8. Harry Colin says:

    The remarkable Monsignor Ronald Knox once said presciently, “He who travels in the Barque of Peter had better not look too closely into the engine room.” I find this reminder helpful as I navigate these turbulent waters. I think it also helpful to recall how many saints were tormented during their lives by prelates, chanceries and assorted bureaucrats in cassocks; the list is virtually endless. We can share in their suffering to our benefit. We can profit by more focus on Bede, Boethius and Benedict and less on Bergoglio.

  9. Frank Brownlow says:

    Well said. Writing to a friend, Franz Liszt repeated a joke of Pope Pius IX, who would visit him in his monastic lodging. “St. Peter’s boat is completely sound,” said the Pope, “but not the crew.”

  10. Frank DeRienzo says:

    The Latin Mass we attend is at 1PM and the last New Mass (I will not grace it with the Latin nomenclature of Novus Ordo) of the morning departs the Cathedral just prior to it. I generally avert my eyes from the exodus of masks and miniskirts from the New Mass, but on a recent occasion, I could help but notice a mask advertising support for Biden & Harris. That mask, I suggest, is a hallmark of the ape of the church. In stark contrast, the inbound TLM parishioners generally have their torsos and legs covered and their faces exposed; this ostensible difference, on the face of it, is indicative of two different churches.

  11. Avatar photo Thomas Fleming says:

    I haven’t read Kierkegaard seriously in 50 years. I am probably doing him a serious injustice in lumping him in with Nietzsche as a romantic essayist who followed his perceptions without developing or accepting the sort of systematic approach the originates in the work of Parmenides. All I can say is that I found him all too ipse dixit, and, since he found the character of the “ipse” unappealingly earnest (if not preachy), I took no interest in him. Unfair, irrational? Absolutely. The very qualities I disliked in SK. But then I don’t find Scandinavian writers at all appealing, especially Ibsen. They remind me of New Englanders. It may have something to do with the climate. I do like Grieg’s lighter piano pieces–the music he really preferred to write–and perhaps that is a clue.

  12. Allen Wilson says:

    Spot on, it’s the tradition that counts. I’ll bet that when, in A Canticle for Liebowitz, that rocket took off for another planet in order to save and preserve the Catholic tradition, they didn’t take a pope with them.

  13. David says:

    In Canticle, they departed for the stars with families aboard, if i recall …

    It’s the Family
    The final frontier
    To conquer
    For tyranny’s sake

  14. Dot says:

    I grew up when the Mass was in Latin. I joined the choir when I was only 11 and stayed with it throughout the college years. To this day I can remember some of the Mass I used to sing in Latin. Those who attend a Latin Mass are very fortunate. It seems to me that the church can bring back some of the Latin such at the Agnus Dei or the Benedictus to be in English and alternating with the Latin. But I’m no expert on any of this. My life took a different tack.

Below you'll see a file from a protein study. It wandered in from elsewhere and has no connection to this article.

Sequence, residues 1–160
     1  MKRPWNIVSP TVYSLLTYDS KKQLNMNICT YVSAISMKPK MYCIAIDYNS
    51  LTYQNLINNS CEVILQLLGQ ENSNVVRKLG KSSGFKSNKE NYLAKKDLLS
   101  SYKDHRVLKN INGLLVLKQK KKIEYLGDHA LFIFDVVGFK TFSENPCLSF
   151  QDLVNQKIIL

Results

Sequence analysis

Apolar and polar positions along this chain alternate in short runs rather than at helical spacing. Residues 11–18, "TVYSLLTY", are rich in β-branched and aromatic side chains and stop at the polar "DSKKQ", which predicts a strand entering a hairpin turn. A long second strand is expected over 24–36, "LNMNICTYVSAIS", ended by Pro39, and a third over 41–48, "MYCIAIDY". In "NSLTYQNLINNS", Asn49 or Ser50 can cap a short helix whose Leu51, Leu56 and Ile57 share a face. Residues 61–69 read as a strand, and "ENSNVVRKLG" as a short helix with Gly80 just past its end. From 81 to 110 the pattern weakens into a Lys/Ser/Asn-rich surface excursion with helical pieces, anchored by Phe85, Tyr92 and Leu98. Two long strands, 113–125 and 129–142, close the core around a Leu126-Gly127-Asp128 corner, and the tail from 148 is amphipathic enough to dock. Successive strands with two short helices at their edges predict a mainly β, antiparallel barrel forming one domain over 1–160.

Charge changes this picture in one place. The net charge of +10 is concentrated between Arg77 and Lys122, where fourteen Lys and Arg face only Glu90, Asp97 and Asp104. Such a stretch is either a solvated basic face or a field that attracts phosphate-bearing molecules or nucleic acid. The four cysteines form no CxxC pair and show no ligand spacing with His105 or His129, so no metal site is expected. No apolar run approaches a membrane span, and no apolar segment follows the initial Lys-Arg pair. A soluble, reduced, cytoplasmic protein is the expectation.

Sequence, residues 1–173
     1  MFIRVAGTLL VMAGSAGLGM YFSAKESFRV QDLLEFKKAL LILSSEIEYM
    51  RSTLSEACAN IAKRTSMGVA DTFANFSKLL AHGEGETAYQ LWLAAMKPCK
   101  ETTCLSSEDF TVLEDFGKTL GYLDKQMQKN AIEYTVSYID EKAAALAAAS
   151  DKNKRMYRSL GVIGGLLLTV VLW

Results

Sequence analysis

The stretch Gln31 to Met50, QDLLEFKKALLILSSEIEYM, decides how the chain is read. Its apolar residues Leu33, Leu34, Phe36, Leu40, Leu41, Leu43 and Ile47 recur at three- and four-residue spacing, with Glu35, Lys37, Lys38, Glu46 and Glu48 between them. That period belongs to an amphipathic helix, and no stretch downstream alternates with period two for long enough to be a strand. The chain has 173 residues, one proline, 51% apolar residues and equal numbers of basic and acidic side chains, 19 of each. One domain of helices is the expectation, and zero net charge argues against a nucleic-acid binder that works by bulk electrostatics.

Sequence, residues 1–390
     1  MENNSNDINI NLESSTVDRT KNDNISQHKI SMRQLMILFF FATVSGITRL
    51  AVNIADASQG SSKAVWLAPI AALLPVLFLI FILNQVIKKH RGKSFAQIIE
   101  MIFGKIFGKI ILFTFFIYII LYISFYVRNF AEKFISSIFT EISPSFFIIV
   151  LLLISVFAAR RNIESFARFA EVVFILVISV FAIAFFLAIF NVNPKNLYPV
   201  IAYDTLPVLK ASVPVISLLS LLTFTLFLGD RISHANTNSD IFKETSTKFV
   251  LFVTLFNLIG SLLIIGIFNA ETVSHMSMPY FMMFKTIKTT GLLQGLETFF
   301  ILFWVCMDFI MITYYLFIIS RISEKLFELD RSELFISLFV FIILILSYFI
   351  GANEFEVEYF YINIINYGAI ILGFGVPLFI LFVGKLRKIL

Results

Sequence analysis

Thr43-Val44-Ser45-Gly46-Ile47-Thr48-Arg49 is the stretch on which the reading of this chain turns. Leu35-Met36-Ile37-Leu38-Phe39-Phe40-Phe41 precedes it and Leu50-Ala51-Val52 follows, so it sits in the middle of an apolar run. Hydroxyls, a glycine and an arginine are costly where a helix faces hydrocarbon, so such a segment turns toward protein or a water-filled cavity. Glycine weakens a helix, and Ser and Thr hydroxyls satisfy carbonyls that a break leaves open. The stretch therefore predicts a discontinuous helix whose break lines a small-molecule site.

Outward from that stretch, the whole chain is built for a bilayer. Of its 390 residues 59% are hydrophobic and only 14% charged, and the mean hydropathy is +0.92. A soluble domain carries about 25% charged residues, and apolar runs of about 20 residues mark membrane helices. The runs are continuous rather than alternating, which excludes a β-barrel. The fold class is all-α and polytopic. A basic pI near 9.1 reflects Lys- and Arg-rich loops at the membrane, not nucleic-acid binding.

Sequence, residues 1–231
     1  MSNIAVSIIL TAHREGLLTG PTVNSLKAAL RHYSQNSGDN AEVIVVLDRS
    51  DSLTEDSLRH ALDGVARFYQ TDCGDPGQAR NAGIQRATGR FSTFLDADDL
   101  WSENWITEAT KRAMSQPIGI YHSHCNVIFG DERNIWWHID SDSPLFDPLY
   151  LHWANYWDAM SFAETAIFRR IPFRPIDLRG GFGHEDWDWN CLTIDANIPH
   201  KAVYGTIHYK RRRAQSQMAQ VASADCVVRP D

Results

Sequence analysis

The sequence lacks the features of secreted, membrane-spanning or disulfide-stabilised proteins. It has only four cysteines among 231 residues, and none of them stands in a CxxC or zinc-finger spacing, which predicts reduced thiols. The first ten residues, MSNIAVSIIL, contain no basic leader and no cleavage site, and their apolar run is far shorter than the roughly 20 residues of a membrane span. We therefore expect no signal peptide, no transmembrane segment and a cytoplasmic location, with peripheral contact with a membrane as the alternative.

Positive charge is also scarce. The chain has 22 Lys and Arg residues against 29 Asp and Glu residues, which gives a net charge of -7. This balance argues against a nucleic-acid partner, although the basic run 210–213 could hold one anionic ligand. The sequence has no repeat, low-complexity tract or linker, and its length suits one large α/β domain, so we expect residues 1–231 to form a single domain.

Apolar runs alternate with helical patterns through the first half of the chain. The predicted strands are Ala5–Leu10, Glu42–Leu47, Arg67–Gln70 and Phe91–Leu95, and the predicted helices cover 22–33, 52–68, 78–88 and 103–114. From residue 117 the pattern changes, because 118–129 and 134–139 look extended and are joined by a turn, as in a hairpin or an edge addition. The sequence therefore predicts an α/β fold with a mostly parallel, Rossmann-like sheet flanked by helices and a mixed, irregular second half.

15. Dom says:

    There are numerous parishes that do various parts of the mass untranslated. In places where parishes feel the need to do bi-or trilingual masses, something like that might even be the answer to whatever problem they are trying to address. In fact, just doing the whole thing untranslated would seem to be far more intelligible than a polyglot of unrelated languages.

    In my diocese many parishes over the last several years took to performing the consecration ad orientem. I noticed a few weeks before this thing from the Pope that things went ad populum (just guessing on that one. . . is there even a term for it?… ad populos for trilingual masses?). Not sure if it had anything to do with the recent pronouncement. This is a generally tradition-friendly diocese, though.

  16. Dot says:

    I have been going to the RC Church in my town for reasons that has more to do with the new choir arrangement and loss of my choir book. in the church I attended for the past 20 years. Somebody has it and didn’t return it. As far as the arrangement goes, the pastor wanted the choir downstairs and not in the loft in order to accommodate more members. Well, the people who sing are very much members.

    We now sing downstairs with well more than half the space lost. This resulted in the loss of 1/2 of the choir members – from 14 down to 7. We don’t have benches. We sit on moveable stools with a choir stand in front of us.

    I went to a practice and with no book and choir members close together and with another surge in the Delta virus, I didn’t go back.

    I went instead to the Catholic Church which is just a few miles away.

    The Mass in the Catholic Church is done in English and on Saturday there is a Spanish Mass. I do like the new priest.

    For some reason, I think the Catholic Church is more Evangelical. Some seem to think the “other” is helpless. For instance, when I went to church last week, someone came to me and asked if he could bring me Communion. It could be that he didn’t recognize me. It didn’t sit will with me.

    Overall, the many changes in the Church are probably for the better because there is more congregational engagement and members can watch the Mass or Liturgy at home. It is a benefit for those who cannot attend for personal reasons.

  17. Robert Reavis says:

    Dear Dot,
    I think that is as good a reason as any other to decide where to go to Church these days.